Wells Fargo Offers Great Value With Its 6.8% Dividend Yield

Wells Fargo (NYSE:WFC) just reported its first-quarter earnings on Tuesday. Since there was no dividend cut, WFC stock looks very attractive with its present 6.8% dividend yield.

A 6.2% Yield Makes WFC Look Good, but It May Be a Rotten Company

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Earnings per share on a non-GAAP basis were 74 cents per share, including addbacks due to deteriorating economic conditions. In effect, this is enough to cover the regular 51 cents per share quarterly dividend.

This is very important to most investors. Yes, revenue and earnings were down. GAAP earnings were 1 cent, which is net income of $653 million. But investors want to know if they will still receive their dividends. If the bank had decided to cut the dividend, WFC stock would drop significantly.

So the 51-cent-per-share dividend, $2.04 annually, yields 6.8% at today’s price below $30.

Dividend Cut Not Likely In the Future

Recently, the Wall Street Journal reported that the Federal Reserve was not likely to force banks to suspend their dividends. The bank referred to sources who indicated that the upcoming June stress tests would likely determine the fate of banks’ dividends.

Part of the reason for this is banks were required to submit plans to the Fed by the end of last week. They had to show how they would weather a deep recession and maintain sufficient capital. One fear is that halting dividends now would cause worries about the solvency of the banking system

Moreover, this decision is strictly up to the five members of the Federal Reserve Board of Governors, not the presidents of regional Fed banks.

Many European banks have faced pressure to cut dividends, according to the Financial Times. But recently executives from Citigroup (NYSE:C), Morgan Stanley (NYSE:MS) and Goldman Sachs (NYSE:GS) said they would not cut dividends. With today’s earnings release which mentioned no dividend cut, Wells Fargo seems to be doing the same thing.

The Share Buyback Suspension Won’t Hurt WFC Stock

Wells Fargo announced that it had suspended its share buybacks. This will not likely hurt WFC stock the way a dividend cut would have.

One reason is that the buyback program was much larger than the dividend program. For example, during 2019 Wells Fargo spent $24.8 billion on buybacks. But its dividend cost just $9.5 billion.

So by suspending buybacks, Wells Fargo is preserving a much larger amount of equity capital than the savings from a dividend cut. This will allow the bank to pass the stress test by the Federal Reserve which includes the dividend.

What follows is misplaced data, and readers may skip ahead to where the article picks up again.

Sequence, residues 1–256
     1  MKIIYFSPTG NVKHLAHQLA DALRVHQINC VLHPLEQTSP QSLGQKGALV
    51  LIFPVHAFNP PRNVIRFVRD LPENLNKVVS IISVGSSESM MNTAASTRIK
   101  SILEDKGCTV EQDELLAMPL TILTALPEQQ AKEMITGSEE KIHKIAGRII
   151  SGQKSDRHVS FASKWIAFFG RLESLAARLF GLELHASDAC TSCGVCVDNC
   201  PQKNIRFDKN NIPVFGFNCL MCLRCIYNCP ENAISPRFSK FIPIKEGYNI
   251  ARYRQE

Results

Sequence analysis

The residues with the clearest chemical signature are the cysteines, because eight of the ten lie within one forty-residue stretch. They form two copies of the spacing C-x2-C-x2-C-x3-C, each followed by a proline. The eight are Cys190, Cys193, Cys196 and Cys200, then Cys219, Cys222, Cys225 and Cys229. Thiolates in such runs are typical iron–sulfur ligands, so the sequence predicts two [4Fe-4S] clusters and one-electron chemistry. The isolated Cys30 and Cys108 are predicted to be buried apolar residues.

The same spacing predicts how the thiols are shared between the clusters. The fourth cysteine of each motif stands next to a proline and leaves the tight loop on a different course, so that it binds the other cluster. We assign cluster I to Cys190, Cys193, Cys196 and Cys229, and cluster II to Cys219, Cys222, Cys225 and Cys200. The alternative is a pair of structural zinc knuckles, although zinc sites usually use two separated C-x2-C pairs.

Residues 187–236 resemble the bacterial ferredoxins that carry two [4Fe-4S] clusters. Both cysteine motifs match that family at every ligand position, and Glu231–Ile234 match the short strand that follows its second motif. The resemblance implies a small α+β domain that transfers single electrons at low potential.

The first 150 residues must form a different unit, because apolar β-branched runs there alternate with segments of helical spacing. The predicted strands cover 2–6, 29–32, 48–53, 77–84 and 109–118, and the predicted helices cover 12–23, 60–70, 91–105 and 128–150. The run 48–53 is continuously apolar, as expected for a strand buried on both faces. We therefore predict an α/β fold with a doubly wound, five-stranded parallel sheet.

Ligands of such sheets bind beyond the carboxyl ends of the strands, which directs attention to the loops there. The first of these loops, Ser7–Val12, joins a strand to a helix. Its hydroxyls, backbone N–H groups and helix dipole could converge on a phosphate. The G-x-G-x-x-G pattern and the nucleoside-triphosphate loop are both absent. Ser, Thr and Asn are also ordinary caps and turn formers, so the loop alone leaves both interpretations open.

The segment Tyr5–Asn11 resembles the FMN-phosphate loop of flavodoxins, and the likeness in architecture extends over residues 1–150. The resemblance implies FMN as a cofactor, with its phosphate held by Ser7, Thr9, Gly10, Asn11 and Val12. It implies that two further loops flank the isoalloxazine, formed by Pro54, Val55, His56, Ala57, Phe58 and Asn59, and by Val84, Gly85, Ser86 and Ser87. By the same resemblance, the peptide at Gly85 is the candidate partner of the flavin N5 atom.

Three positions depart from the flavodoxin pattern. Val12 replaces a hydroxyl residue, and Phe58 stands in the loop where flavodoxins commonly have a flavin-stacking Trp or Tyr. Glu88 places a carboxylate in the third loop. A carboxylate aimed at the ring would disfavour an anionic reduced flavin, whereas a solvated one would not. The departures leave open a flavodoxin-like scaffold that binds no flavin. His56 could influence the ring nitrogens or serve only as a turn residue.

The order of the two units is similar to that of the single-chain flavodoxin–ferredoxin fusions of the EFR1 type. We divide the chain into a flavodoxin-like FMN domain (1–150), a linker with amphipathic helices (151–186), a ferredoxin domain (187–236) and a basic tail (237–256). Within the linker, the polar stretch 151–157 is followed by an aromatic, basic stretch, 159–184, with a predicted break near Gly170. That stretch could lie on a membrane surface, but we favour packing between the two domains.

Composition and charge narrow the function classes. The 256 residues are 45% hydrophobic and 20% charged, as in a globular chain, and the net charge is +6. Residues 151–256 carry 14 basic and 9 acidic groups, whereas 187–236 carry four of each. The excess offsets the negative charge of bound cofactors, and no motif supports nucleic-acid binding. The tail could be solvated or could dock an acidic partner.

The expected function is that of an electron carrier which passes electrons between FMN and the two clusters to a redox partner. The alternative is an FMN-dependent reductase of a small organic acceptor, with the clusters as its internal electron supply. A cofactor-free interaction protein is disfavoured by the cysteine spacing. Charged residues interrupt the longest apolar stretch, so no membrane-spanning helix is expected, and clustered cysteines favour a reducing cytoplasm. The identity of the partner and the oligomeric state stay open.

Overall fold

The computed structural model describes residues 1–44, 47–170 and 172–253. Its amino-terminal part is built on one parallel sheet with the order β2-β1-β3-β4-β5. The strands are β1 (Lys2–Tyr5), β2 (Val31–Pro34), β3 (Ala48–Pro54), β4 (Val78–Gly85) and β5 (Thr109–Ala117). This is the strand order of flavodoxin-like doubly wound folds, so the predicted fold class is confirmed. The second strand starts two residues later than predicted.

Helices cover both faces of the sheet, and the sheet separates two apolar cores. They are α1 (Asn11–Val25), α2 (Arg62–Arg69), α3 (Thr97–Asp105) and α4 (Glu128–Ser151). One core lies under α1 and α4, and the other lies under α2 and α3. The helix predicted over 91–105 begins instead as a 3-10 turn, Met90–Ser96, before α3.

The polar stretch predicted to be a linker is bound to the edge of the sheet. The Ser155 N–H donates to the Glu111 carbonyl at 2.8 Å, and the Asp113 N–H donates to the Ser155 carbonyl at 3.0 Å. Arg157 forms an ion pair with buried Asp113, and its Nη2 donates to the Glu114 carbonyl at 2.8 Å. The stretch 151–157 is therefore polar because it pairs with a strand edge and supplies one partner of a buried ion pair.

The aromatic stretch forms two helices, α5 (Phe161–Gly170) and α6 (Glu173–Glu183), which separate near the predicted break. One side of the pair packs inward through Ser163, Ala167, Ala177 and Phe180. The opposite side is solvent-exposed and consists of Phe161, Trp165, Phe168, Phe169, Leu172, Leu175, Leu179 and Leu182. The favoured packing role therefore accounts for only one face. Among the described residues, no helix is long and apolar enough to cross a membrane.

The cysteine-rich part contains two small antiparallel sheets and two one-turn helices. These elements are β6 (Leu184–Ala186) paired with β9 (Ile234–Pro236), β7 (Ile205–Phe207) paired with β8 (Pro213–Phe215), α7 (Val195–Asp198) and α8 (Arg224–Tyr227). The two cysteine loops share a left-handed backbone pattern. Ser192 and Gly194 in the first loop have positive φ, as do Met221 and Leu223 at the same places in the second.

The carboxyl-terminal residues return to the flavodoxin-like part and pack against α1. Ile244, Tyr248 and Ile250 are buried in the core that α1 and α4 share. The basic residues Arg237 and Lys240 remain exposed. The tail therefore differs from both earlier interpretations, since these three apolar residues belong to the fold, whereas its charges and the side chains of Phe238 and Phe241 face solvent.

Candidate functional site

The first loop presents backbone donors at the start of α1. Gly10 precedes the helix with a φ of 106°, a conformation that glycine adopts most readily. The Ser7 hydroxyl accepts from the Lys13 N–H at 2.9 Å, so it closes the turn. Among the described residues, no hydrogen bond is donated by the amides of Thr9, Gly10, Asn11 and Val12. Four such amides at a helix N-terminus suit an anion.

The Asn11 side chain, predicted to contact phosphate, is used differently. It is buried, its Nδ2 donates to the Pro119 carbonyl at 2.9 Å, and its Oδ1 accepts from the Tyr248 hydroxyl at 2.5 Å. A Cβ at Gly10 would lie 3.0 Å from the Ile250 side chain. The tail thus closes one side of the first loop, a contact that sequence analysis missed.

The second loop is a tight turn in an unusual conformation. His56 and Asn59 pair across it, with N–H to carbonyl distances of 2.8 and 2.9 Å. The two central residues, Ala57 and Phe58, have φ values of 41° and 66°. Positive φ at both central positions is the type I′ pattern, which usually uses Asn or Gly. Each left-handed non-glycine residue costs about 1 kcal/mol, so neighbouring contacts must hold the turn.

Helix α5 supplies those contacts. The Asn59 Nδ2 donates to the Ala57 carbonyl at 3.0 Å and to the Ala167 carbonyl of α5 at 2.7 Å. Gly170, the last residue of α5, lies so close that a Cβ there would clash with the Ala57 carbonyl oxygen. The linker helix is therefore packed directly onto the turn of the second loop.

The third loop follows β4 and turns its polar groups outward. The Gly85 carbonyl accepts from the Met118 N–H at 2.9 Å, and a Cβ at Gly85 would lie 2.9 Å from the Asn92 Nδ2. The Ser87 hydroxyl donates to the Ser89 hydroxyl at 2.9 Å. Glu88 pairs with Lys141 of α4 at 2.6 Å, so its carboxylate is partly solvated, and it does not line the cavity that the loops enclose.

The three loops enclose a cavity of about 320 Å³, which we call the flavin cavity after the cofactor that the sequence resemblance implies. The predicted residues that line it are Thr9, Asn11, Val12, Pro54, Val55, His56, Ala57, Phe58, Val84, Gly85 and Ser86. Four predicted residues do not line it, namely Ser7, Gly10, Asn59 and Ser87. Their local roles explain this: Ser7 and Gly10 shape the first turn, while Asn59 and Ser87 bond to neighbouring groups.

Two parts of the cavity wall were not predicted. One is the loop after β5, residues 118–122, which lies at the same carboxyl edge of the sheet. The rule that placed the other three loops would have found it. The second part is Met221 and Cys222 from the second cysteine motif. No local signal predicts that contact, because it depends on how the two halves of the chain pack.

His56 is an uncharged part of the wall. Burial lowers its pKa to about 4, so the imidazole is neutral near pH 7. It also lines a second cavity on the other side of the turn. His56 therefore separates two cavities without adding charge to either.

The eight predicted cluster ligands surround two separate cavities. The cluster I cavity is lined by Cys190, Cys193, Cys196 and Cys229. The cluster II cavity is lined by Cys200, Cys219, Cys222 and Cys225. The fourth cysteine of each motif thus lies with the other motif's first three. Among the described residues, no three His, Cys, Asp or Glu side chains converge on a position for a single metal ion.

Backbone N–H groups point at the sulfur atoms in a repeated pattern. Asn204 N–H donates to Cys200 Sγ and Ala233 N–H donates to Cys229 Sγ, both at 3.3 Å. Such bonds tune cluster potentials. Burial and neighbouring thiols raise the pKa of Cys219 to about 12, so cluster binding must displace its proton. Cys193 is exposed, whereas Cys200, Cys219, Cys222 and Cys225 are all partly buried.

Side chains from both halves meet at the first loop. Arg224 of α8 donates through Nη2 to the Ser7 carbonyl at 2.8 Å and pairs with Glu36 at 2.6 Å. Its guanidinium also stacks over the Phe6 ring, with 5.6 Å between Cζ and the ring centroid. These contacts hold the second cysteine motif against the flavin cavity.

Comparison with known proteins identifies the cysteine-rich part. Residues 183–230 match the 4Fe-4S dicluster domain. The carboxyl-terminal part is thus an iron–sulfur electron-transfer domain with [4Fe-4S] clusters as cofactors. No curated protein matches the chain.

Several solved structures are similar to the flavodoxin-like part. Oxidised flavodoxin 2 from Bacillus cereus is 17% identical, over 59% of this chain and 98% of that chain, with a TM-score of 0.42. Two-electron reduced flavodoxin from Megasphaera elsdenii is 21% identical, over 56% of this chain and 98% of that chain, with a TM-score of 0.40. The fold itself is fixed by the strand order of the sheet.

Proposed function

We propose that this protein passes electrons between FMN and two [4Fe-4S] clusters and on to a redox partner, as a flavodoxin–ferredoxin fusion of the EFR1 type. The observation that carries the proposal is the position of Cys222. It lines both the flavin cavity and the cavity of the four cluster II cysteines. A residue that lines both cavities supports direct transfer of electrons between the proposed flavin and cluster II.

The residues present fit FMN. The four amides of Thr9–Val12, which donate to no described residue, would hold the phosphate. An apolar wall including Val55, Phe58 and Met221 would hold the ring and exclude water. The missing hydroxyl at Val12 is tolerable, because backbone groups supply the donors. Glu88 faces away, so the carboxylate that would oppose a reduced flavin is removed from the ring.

What to Do With WFC Stock?

The next big event in relation to the dividend for Wells Fargo is the June release by the Federal Reserve of the banks’ stress tests. This will show whether the Federal Reserve has decided to force Wells Fargo to suspend or reduce its dividend per share.

Moreover, it will also show whether or not Wells Fargo has enough capital to withstand a severe recession. So far, Wells Fargo has been able to pass these stress tests and still reduce its capital through massive share buybacks.

I suspect the Federal Reserve will continue to allow dividends but likely suspend buybacks at least through the end of the calendar year.  Therefore, today’s dividend yield for Wells Fargo offers extremely good value for most value investors.

For example, a 6.8% annual yield compounded quarterly over three years provides the following return: 22.67%. Here did I calculate that figure? Each quarterly dividend of 51 cents provides a yield of 1.71% (i.e., $0.51 divided by $29.70).

This 1.71% yield compounds for 12 quarters (i.e. (1.017 ^ 12)-1), assuming the investor invests the dividend at the same price. This formula equals 22.67%. The realized yield may be a bit lower, depending on how fast WFC stock rises after this quarter.

Nevertheless, this is a very attractive prospective return on investment for most investors. Look to buy WFC stock at these attractive prices.

As of this writing, Mark Hake, CFA does not hold a position in any of the aforementioned securities. Mark Hake runs the Total Yield Value Guide which you can review here.


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